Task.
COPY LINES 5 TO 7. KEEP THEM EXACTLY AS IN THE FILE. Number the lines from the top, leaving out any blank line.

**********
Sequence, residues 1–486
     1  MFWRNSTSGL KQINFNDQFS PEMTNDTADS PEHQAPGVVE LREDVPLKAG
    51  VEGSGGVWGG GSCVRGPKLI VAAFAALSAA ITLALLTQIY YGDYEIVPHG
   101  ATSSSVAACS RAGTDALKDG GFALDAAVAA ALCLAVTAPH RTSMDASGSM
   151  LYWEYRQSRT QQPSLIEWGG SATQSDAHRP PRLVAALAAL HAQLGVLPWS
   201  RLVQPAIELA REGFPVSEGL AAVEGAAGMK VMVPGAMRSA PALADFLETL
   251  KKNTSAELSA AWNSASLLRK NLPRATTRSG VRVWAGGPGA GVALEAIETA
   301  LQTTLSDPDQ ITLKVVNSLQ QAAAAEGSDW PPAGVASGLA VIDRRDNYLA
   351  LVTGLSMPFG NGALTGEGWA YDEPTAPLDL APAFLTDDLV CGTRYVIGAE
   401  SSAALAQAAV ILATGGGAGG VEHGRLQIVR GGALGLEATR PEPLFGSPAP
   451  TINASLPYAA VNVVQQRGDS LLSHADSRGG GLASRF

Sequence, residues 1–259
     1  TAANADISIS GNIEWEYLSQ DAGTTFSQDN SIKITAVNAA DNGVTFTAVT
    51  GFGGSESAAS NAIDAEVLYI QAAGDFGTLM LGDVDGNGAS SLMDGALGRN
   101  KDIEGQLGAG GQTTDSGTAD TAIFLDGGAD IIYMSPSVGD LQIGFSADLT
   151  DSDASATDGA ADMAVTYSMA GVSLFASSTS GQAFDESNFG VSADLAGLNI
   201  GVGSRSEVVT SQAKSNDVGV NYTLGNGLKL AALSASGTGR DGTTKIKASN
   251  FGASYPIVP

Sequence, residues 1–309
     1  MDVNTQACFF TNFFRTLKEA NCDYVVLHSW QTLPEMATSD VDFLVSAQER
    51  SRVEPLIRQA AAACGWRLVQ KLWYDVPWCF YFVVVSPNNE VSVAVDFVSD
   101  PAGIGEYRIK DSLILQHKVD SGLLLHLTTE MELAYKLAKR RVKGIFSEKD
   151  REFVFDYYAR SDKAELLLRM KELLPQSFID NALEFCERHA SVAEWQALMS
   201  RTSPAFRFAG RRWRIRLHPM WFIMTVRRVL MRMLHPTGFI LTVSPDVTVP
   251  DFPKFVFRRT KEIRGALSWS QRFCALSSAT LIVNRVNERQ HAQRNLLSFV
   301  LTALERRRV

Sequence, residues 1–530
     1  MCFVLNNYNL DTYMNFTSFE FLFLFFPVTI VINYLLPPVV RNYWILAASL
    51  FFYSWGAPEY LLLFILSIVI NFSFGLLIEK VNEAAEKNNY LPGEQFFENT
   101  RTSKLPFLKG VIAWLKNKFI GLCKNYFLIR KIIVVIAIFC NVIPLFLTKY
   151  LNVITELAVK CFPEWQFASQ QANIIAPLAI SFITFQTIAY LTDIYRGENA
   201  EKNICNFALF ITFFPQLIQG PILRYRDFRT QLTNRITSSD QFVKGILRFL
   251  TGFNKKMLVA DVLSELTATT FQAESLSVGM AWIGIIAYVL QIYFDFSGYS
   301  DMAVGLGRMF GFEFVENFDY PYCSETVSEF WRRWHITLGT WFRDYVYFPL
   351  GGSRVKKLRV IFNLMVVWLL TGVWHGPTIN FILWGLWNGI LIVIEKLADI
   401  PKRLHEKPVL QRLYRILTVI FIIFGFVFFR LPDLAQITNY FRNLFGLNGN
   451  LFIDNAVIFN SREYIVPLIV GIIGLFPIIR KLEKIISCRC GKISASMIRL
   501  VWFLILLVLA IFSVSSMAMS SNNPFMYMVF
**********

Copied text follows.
   151  LYWEYRQSRT QQPSLIEWGG SATQSDAHRP PRLVAALAAL HAQLGVLPWS
   201  RLVQPAIELA REGFPVSEGL AAVEGAAGMK VMVPGAMRSA PALADFLETL
   251  KKNTSAELSA AWNSASLLRK NLPRATTRSG VRVWAGGPGA GVALEAIETA